“For guests, we make it so it’s more a `get your shoes off, get to know the crew and let the adventures begin’ type of adventure.”

The minute you set foot on the True North the excitement builds. It’s relaxed, luxurious and certainly a place where a former country boy like myself from the other side of the tracks discovers how the other half lives. Not surprisingly, most of the guests are repeat passengers coming back for more in what must surely be the ultimate endorsement.

And be warned: being “cashed up”, if you will excuse the Aussie parlance, is a prerequisite for this one. Standing barefooted with a pina colada in a coconut half-shell in hand, it’s a time to get to know crew and other guests.

Then the real adventure begins.
The True North is purpose-built to sail deep into the heart of wilderness, visiting areas that larger ships can’t.. Every October the Adventures In Paradise cruise, with seven-night or nine-night options, sets sail in Papua New Guinea’s paradise island precinct starting at Alotau and gliding north to Kavieng.

“Paradise” is everywhere in between as the ship slowly steams and stops off at such natural treasures as the D’Entrecasteaux Islands, Sebutuia Bay, Tufi Harbour, Lusancay Islands, the beautiful bays and islands off New Britain, the Duke of York Islands and New Hanover. There’s something different with every sunrise.

The TRUE NORTH’s point of difference comes with its itineraries. All cruises are designed to avoid lengthy spells at sea and include regular daily excursions for the adventure factor. Passengers need a reasonable level of fitness and mobility, such as stepping into an expedition boat or hiking for half an hour through a mildly challenging rough track on land, however, it will suit those who choose to “spectate onboard the spectacular”, as one guest pointed out, if you’re happy to skip the action.

The voyage takes in a largely untouched route that complements the contrasting confines of the cruise ship. Each stop-off provides something new, such as the haunting Skull Caves at East Cape, or the chance to be transported on a traditional outrigger canoe through mangrove-lined river inlets complete with a cacophony of sounds from the tropics, to hiking through muddied jungle pathways to spot a golden bird of paradise, or find hot spas seemingly in the middle of nowhere.

Another island destination called Wara Kalap (which means water falling down) is home to a subterranean river system shooting out of the jungle into the ocean below; the perfect place for a “bottom bounce” along the rapids or a canoe ride with one of the curious locals.

For me, the piece de resistance arrived with the village visits and the chance to interact with the Papua New Guineans and their way of life. Places where wide-eyed excited children greet you and who would rather play with and marvel at a handful of ice from the cooler you’ve just brought to shore rather than accept a can of Coke. It’s refreshingly non-material.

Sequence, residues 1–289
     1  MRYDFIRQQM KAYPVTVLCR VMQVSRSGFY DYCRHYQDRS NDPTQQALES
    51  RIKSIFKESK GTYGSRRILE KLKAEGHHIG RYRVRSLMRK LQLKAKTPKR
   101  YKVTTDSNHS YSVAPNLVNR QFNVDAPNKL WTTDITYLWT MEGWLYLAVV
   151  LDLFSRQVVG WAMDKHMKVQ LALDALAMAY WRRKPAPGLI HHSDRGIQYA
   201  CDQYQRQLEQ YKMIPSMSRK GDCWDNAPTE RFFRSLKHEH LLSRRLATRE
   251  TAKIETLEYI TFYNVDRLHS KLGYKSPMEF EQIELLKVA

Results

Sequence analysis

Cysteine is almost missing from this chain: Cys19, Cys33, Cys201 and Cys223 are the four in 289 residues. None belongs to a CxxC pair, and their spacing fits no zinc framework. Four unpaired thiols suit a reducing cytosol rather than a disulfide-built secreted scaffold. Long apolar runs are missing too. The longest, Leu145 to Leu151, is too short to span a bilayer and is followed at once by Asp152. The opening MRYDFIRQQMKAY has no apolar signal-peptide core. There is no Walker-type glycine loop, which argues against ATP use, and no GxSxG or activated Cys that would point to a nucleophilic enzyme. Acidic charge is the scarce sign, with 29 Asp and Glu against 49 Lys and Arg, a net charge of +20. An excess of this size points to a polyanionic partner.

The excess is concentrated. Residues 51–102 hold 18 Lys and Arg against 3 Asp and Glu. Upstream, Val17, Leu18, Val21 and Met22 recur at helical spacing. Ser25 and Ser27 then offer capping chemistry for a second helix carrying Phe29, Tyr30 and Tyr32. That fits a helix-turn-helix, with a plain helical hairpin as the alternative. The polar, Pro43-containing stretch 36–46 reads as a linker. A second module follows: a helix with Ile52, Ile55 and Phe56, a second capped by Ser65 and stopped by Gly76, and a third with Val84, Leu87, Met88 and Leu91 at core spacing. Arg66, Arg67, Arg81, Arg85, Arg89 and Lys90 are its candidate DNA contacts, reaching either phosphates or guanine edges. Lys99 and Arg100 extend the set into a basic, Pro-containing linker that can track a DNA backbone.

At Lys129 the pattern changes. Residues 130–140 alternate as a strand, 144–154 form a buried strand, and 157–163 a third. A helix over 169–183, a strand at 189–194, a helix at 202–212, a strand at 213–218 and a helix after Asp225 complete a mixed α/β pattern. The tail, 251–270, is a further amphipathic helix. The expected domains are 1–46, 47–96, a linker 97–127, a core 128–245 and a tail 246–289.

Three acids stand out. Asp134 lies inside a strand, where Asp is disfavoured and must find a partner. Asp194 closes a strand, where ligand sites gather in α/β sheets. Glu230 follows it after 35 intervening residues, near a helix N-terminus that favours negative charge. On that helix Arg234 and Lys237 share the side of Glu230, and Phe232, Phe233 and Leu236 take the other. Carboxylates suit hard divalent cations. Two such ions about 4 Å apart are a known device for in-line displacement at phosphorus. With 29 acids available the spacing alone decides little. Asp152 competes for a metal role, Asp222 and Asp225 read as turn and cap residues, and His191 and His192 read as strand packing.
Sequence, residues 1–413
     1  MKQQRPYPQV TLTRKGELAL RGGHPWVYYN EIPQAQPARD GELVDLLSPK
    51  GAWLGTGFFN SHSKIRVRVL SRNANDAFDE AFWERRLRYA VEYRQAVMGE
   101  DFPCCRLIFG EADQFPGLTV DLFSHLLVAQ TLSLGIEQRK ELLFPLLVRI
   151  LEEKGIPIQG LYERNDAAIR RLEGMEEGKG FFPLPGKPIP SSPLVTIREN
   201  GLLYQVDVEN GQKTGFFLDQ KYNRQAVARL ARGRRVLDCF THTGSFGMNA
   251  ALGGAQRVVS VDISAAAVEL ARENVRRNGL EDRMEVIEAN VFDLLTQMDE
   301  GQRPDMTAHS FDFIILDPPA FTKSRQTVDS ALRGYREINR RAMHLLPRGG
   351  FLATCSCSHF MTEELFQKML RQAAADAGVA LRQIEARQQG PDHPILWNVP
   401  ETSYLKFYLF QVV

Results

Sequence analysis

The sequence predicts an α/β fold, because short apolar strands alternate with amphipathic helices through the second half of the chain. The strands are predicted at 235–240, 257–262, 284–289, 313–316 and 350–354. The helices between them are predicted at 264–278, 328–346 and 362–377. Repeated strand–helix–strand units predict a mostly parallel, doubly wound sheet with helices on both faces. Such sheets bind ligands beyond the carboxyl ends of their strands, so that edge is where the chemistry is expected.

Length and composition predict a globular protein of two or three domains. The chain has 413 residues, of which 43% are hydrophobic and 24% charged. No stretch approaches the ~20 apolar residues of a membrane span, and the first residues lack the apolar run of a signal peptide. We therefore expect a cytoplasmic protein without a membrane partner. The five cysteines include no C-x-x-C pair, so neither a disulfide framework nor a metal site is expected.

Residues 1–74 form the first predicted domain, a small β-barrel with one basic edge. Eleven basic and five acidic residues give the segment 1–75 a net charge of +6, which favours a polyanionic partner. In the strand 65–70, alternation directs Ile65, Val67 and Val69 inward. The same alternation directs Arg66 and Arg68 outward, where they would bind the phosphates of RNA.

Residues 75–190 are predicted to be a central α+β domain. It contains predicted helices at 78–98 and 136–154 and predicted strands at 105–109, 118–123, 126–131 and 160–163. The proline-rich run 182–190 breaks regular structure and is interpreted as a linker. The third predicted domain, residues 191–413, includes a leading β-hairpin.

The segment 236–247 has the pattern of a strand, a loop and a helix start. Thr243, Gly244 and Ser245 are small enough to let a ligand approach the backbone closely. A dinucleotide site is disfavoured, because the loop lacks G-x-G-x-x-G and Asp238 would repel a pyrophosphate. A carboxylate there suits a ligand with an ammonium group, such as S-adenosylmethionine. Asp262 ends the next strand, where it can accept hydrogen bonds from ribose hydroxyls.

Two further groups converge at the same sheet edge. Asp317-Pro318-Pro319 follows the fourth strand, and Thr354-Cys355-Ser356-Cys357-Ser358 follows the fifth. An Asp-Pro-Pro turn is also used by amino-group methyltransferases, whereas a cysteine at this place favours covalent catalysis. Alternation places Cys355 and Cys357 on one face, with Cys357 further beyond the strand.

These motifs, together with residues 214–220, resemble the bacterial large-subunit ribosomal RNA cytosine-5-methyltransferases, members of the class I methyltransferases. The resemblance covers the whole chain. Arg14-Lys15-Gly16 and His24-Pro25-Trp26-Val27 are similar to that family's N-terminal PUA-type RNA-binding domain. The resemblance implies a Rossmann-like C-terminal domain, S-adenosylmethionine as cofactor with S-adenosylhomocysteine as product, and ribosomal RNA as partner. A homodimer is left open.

The village communities also offer the chance to see many colourful sights, ancient methods of farming and the sweet sounds of a traditional sing-sing ceremony while sinking your teeth into a fresh, juicy mango or sipping from a recently cracked coconut.

North Star Cruises and guests good-heartedly provide the local communities with gifts including school books, sports equipment and other viable goodies and also help nurture tourism development.

Back in the sea, there’s more to explore. Dazzling South Pacific vistas trigger the need to occasionally pinch yourself when catching a sunset or witnessing such spontaneity as a pod of dolphins leaping from the water right when you’re buying a shimmering pearl shell from a friendly family of six crammed into a tiny old canoe at the back of the TRUE NORTH.

It’s not uncommon for the locals to paddle for the best part of a day just to say hello and make a sale. Underwater activities allow you to slip into snorkelling or diving mode and drift through World War II wreckages including old tanks, and snorkel or dive the coral reefs.

The TRUE NORTH, the shining light of WA-based North Star Cruises Australia, has become an award-winner in the world of aquatic adventure cruises over the years. Managing director Craig Howson pioneered luxury adventure cruising along the Kimberley coast more than 25 years ago and the company has recently spread its adventure cruises into the South Pacific each year as part of its circumnavigation of Australia.

It’s a cruise for dreamers and romantics. The Adventures In Paradise option is unforgettable: the food is to die for, the adventure and sights are heavenly, and the crew is first class.  And one thing is certain for those who enjoy throwing a line in. The fish are always biting and some even fight back.

The writer was a guest of North Star Cruises Australia.